Wednesday, September 26, 2007

We Don't Need No Thought Control

There is no need for mind control to be centrally enforced. It is enforced by all of you. When someone deviates from the acceptable norms of society at any age he is ridiculed, ostracized and kept on the outside until he agrees to conform, comply and adapt.

This simple fact, while apparent to children, becomes lost to us as we age. Is it simple pack behavior? Conformity is safe, deviance is dangerous, or is it culturally imposed? It must be the latter because so much of our behavior seems to be in direct contradiction to our needs and wants.

Without being conditioned to do so would we spend the vast majority of our waking lives engaged in activity that yields nothing? Forty hours a week for forty years, or maybe it's fifty for fifty now. In an advanced technological world it seems that there should be more art and leisure time for everyone. Yet as the system stands a small percentage of the population controls a large proportion of the planet's resources while the remaining masses eke out an existence by spending all their time working, commuting, sleeping and eating to recharge for more work. Simple common sense is all that is necessary to determine the fundamental flaw in such a system.

When I am working I eat only because it is uncomfortable to work while hungry. I do not enjoy my food or savor it other than to briefly taste it as I hurriedly chew and swallow and anticipate returning to work with a feeling of guilt that I am leeching productivity by even taking the short time to eat.

I know the absurdity of such guilt, I know on a philosophical level that it should not exist but it does, I have been successfully programmed to maintain the machine and deprogramming myself looms before me as a lifelong endeavor.

Much of what passes for editorializing and political commentary can be boiled down to thought control. We have an entire class of people whose role it is to call the attention of the population to those who dare to deviate from the accepted norms of world culture. In the Midwestern part of the United States where I am those norms include an unspoken belief that the United States government and large corporations have the right to impose their will on any part of the world they choose. Any leader from another country who questions this status quo is vilified by the corporate media and made to appear insane and dangerous.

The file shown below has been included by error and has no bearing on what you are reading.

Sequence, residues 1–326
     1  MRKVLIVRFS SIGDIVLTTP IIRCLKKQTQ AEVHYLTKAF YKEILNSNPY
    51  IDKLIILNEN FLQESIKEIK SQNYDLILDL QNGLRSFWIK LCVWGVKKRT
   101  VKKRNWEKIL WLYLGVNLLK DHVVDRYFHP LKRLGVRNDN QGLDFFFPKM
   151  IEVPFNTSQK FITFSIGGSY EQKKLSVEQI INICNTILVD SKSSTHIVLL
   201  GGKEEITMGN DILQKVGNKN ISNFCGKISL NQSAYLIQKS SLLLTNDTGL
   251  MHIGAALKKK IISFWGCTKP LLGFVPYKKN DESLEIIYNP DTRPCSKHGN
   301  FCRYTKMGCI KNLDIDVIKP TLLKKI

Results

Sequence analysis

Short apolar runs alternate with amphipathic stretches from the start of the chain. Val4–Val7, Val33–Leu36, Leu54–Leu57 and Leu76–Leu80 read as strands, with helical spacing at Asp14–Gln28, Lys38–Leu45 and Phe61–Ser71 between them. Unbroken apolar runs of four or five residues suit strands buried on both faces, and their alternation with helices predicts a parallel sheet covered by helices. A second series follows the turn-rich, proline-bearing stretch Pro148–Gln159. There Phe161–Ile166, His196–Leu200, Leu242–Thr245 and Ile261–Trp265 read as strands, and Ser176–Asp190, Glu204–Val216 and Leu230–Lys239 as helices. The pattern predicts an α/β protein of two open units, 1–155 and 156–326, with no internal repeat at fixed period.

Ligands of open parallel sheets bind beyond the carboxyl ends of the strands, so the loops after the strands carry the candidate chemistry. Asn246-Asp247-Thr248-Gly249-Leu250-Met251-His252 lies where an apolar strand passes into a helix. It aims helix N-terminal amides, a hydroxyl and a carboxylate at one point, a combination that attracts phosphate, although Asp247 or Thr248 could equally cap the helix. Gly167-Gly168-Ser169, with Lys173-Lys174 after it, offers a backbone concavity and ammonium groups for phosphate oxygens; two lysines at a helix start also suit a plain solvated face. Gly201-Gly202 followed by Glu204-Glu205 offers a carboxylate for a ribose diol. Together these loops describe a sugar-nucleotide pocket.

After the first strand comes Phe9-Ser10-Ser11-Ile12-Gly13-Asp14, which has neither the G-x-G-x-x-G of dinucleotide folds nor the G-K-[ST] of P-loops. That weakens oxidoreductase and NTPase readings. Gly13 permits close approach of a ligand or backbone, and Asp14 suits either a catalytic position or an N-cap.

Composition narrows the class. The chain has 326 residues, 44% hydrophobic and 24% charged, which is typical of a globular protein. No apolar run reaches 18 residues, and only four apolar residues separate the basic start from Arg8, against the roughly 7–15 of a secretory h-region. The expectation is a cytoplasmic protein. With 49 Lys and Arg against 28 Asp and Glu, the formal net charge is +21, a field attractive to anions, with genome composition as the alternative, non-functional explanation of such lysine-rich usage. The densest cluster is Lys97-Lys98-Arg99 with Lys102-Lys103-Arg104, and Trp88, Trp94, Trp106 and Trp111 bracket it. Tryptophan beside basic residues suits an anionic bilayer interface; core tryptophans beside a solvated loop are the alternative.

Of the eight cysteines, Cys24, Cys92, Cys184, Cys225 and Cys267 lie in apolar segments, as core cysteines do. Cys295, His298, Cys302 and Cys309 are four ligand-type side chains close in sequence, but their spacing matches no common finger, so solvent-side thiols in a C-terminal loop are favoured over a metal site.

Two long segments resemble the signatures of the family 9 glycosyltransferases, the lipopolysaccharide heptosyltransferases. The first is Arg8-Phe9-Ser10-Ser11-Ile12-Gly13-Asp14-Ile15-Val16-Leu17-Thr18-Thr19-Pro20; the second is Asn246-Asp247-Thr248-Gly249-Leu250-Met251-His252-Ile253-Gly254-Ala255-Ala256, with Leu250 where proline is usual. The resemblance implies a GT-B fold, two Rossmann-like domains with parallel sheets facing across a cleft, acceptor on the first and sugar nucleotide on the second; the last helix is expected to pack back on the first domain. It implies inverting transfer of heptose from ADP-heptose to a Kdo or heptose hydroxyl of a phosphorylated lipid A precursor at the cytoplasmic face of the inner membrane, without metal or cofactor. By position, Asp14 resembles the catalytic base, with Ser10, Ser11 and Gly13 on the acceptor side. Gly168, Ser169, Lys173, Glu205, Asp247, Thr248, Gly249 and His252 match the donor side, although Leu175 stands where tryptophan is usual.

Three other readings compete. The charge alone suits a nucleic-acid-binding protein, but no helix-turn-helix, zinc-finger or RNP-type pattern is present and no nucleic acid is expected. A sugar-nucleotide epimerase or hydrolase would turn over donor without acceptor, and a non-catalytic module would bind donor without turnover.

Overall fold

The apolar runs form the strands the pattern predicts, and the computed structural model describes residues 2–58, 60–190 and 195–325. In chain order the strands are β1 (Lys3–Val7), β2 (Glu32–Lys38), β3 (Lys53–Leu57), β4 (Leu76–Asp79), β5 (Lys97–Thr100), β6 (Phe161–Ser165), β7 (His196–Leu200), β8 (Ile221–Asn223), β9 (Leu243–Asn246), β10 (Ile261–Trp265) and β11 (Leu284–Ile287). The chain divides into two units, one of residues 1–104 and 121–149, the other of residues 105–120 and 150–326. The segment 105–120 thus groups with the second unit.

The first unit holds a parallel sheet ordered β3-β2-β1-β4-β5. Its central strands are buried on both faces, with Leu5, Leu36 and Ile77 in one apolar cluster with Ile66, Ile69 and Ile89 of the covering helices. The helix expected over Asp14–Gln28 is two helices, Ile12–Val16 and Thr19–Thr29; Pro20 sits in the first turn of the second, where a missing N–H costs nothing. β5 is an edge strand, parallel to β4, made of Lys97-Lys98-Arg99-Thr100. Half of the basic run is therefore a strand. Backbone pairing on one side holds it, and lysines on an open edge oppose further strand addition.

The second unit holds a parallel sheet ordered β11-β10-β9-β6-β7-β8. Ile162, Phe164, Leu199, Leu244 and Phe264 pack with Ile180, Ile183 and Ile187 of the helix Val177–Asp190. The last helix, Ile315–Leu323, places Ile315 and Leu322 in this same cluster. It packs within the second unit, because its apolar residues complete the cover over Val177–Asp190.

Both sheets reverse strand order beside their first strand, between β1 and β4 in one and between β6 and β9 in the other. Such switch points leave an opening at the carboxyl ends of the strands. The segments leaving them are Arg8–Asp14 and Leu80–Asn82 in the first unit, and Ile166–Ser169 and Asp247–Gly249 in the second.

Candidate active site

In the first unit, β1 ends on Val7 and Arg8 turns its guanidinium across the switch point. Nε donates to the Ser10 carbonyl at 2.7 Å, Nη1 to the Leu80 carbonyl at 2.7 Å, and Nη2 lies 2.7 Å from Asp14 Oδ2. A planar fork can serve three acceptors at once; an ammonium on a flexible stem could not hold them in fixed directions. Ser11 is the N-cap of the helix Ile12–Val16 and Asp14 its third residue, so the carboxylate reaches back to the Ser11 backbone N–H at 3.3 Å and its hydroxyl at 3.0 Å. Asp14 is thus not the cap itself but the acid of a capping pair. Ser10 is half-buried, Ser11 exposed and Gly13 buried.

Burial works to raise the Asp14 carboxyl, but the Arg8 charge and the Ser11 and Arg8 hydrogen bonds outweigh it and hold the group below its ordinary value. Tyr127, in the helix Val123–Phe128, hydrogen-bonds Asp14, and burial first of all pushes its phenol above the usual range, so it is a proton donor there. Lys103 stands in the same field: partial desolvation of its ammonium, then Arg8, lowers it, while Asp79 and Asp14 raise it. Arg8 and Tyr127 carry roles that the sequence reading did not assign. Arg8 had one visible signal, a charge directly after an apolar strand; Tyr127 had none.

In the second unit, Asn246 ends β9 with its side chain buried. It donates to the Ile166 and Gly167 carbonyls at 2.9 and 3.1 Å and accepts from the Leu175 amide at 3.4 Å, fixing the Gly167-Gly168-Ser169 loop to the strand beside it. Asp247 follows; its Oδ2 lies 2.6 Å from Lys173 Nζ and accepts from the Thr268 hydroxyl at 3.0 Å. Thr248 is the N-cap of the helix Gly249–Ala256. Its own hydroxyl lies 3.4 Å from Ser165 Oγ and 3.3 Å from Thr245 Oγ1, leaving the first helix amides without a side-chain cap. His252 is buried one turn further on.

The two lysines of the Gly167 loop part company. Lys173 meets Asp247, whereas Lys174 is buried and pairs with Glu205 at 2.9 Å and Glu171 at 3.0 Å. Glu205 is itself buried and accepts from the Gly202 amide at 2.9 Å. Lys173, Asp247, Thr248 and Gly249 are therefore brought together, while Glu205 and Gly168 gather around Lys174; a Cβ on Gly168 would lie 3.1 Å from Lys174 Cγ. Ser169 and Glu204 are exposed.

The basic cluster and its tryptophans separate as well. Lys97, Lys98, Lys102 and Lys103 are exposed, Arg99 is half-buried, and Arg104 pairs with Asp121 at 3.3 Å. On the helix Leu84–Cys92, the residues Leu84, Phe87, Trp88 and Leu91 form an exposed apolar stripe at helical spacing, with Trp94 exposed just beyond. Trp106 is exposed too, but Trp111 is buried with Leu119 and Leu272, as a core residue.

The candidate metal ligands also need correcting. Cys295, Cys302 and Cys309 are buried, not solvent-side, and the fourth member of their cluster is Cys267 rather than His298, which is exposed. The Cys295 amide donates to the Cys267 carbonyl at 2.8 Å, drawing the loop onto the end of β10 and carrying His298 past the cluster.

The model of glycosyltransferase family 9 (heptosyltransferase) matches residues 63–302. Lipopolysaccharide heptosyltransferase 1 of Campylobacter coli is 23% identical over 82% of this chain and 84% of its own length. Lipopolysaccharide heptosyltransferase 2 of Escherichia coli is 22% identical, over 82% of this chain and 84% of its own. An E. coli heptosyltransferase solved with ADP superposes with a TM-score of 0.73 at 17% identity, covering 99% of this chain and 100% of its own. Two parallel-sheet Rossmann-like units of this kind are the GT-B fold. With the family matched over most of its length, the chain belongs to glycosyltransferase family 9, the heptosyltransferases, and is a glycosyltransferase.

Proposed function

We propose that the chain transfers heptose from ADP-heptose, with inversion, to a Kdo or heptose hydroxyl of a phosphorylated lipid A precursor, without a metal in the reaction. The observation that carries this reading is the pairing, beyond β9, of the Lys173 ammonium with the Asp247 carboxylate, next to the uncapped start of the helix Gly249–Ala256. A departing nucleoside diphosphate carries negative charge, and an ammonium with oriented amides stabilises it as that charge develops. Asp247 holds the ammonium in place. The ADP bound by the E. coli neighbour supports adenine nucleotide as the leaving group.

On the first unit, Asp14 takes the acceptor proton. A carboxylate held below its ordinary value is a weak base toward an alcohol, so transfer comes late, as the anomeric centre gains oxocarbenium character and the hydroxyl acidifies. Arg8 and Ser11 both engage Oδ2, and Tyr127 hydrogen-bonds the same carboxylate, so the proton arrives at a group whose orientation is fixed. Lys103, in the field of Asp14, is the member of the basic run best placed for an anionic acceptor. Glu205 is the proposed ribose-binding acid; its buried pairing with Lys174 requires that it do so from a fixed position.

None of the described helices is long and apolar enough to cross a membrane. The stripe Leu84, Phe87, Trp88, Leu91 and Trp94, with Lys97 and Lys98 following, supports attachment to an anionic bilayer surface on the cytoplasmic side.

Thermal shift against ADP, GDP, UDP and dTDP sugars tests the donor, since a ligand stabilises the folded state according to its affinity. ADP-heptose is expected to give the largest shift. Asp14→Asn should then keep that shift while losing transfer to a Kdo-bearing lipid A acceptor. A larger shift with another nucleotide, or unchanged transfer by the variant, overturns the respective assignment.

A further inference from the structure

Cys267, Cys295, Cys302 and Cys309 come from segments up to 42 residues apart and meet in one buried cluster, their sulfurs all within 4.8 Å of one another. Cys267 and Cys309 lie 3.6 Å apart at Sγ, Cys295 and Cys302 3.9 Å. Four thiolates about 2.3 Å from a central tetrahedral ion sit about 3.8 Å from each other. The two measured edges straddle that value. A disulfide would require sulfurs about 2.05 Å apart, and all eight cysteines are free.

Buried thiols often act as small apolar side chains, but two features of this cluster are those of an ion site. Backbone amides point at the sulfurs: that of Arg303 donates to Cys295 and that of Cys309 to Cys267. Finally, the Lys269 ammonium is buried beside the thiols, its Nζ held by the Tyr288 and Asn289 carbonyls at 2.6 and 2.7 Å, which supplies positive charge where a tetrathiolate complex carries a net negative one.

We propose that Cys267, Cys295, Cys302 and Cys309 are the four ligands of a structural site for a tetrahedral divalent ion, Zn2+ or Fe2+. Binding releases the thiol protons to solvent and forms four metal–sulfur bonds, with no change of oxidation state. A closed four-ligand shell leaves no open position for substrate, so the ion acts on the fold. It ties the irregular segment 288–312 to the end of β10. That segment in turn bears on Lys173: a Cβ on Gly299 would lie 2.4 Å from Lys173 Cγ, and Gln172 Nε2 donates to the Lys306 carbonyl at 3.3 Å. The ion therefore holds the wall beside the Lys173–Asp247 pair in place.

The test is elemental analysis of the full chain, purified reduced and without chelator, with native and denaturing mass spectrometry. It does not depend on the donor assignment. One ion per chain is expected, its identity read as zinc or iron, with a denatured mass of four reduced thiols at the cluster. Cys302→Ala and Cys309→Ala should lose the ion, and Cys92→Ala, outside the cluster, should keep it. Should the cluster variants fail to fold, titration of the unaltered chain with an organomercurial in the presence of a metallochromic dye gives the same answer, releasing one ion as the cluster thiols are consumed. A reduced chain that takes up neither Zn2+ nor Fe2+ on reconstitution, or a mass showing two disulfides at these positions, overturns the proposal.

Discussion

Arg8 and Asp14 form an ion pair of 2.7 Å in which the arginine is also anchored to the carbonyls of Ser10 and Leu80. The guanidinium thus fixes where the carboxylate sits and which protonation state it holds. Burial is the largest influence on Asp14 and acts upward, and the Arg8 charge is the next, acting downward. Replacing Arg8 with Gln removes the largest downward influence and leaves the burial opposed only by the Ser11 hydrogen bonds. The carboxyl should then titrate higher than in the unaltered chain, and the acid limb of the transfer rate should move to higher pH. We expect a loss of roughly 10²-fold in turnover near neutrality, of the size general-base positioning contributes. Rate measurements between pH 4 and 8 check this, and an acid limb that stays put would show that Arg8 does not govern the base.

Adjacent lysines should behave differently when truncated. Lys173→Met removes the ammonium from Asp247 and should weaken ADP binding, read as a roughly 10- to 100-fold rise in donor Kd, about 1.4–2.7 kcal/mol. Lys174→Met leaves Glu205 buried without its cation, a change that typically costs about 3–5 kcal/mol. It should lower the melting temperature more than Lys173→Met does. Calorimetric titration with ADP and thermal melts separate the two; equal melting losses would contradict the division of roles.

The same treatment is reserved for domestic trouble makers. One cannot question the inherent goodness of teh United States without arousing the suspicion of one's fellow Americans. The common understanding of patriotism has evolved into something akin to religious belief. Those who are patriotic follow blindly and do not question the decisions of those leaders whom a fundamentally flawed electoral process has put in power.

When I was kid my dad used to joke about the Soviet elections having only one candidate on the ballot. I wonder how much different it is to have two instead of one. Realistically there are always only two presidential candidates with any hope of winning. The process by which those two are chosen is completely alienated from the average voter. You and I have absolutely no say in who those two are going to be. The party machinery on each side selects and promotes those candidates who will eventually be "chosen" by the electorate.

I think often of a bumper sticker I saw recently that said "if voting worked it would be illegal". This is true for more than just political elections. All systems of power, religious, business, political, military have ways to maintain the status quo. Our political system will never be fundamentally different if the existing mechanism of voting and party politics is used.

Perhaps the alternative would be worse.